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Updated:December 11, 2018
Link Aggregation Management on ESW2-350G Switches
Link Aggregation Control Protocol (LACP) is a part of IEEE specification (802.3ad) that can control the bundling of several physical ports together to form a single logical channel (LAG). Traffic load balancing over the active member ports of a LAG is managed by a hash-based distribution function that distributes unicast and multicast traffic based on Layer 2 or Layer 3 packet header information. LAGs help in bandwidth multiplication, increase in port flexibility, and in providing redundancy on links between any 2 devices and LACP helps in changing the LAG speed, advertisement, flow control and protection. This protocol can be used to set a logical link between two adjacent LACP enabled devices. These two devices can have multiple physical links between them.
This document explains how to select the load balancing algorithm, how to define a member or candidate port on the LAG, how to configure LAG settings, and how to reactivate a suspended LAG on the ESW2-350G Switches.
• ESW2-350G • ESW2-350G-DC
LAG Management Procedure
Step 1. Log in to the switch configuration utility and choose Port Management > Link Aggregation > LAG Management. The LAG Management page opens.
Step 2. Click one of the following radio buttons for the Load Balance Algorithm.
• MAC Address — Performs load balancing by source and destination MAC addresses on all the packets.
• IP/MAC Address — Performs load balancing by the source and destination IP addresses on IP packets, and by the source and destination MAC addresses on non-IP packets.
Step 3. Click the Apply button to apply the changes and the Running Configuration file is updated.
The description of the fields in the LAG Management Table are as follows.
• LAG — LAGs are shown in the column.
• Name — LAG name configured is shown in the column.
• LACP — Shows whether LACP is enabled or disabled to the particular LAG.
• Link State — Shows whether the LINK of the LAG is active or down.
• Active Member — Shows the member which are in the field and are active in the configured set.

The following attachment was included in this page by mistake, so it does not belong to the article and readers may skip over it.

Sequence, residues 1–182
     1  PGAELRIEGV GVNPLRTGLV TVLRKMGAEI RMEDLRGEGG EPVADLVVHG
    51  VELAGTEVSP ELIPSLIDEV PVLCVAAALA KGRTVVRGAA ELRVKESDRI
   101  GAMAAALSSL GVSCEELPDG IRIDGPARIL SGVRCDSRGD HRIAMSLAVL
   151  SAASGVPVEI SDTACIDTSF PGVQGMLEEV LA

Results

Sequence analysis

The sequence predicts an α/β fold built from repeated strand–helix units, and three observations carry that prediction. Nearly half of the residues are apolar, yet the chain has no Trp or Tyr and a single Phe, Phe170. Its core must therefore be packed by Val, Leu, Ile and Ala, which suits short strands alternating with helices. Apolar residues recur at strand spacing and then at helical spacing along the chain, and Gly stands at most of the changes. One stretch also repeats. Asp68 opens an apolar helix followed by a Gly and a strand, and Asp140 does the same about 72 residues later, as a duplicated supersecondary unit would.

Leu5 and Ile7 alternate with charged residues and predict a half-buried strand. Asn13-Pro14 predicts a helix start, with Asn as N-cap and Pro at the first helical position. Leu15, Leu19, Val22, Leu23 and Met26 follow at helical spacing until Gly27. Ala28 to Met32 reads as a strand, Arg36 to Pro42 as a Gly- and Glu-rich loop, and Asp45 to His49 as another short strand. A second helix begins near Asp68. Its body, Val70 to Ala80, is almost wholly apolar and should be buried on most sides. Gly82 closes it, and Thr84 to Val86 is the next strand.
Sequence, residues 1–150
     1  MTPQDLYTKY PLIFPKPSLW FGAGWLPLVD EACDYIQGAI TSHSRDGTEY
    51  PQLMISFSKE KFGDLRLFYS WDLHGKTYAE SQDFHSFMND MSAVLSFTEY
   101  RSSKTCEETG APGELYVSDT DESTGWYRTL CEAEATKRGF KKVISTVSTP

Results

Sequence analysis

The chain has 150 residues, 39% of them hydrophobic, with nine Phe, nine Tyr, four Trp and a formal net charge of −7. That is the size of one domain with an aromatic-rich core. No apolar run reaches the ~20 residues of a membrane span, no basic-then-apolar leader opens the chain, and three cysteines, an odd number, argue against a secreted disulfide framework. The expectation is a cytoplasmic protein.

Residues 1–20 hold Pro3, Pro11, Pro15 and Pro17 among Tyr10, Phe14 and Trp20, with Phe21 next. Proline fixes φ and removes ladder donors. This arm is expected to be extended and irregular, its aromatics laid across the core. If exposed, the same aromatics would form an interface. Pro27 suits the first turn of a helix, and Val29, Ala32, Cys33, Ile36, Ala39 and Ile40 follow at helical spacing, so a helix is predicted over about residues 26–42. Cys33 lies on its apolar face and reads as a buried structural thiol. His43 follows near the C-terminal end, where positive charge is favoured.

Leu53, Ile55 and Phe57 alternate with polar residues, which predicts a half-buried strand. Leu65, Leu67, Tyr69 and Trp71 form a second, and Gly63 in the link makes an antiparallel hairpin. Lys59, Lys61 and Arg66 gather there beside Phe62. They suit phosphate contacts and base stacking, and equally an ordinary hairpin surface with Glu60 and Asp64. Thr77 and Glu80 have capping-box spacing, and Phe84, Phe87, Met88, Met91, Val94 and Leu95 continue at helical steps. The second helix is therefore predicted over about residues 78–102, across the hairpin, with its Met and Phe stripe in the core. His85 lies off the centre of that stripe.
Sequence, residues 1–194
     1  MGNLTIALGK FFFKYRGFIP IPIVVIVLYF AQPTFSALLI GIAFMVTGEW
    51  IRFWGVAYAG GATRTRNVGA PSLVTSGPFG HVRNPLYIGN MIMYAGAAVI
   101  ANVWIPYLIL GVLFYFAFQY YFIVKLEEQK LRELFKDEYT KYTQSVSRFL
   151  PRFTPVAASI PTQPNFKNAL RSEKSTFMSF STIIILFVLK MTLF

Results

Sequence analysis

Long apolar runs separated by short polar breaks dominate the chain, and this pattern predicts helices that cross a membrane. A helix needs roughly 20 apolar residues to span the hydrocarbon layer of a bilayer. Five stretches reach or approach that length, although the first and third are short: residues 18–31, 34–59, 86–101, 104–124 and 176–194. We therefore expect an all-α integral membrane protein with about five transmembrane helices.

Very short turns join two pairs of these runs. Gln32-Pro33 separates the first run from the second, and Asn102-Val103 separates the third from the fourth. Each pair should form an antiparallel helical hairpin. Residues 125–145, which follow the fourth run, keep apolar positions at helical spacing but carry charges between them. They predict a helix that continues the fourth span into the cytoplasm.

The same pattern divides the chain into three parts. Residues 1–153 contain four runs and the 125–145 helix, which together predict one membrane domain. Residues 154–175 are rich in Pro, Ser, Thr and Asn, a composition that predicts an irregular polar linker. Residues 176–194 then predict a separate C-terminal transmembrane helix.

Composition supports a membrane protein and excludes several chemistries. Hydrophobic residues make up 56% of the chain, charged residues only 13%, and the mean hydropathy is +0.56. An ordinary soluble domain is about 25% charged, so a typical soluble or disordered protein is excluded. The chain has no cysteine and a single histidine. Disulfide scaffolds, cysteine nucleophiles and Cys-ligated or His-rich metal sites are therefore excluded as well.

• Standby Member — Shows the members which are configured to the LAG members which are on standby.
Step 4. To define member or candidate ports in the LAG Management Table, click the radio button of the desired LAG to be configured and click Edit. The Edit LAG Membership window appears.
Step 5. Choose the LAG number from the LAG drop-down list.
Step 6. Enter a name for the LAG in the LAG Name field.
Step 7. Check the Enable check box in the LACP field to enable the dynamic LAG. Dynamic LAG uses LACP packets to establish connection between the two peers.
Note: Static LAG is a group of links aggregated where there is no signaling between the two peers and therefore a misconfiguration on one side may lead to harmful effects (such as a link mismatch). A dynamic LAG uses LACP packets to establish a connection between the two peers. At least one side of the connection needs to be configured in Dynamic LAG.
Step 8. Move the ports that are to be assigned to the LAG from the Port List to the LAG Members list. Up to eight ports to static LAG and 16 ports to a dynamic LAG can be assigned. If LACP is enabled on the LAG then it is a dynamic LAG.
Step 9. Click Apply to save the changes in the Edit LAG Membership page.
Configure LAG Settings (or) Reactivate Suspended LAG
Step 1. Log in to the switch configuration utility and choose Port Management > Link Aggregation > LAG Settings.The LAG Settings page opens.
Step 2. Click the LAG that needs to be modified and then click Edit.
Step 3. The Edit LAG Settings window appears.
Configure the following fields:
• LAG — Choose the LAG ID number from the drop-down list.
• Description — Enter the LAG name or a comment.
• LAG Type — Displays the port type that comprises the LAG.
• Administrative Status — Click the selected LAG to be Up or Down. Up means the link is active and down means the link is not active.
• Reactivate Suspended LAG — Check to reactivate a port if the LAG has been disabled through the locked port security option or through ACL configurations.
• Operational Status — Displays whether the LAG is currently operating.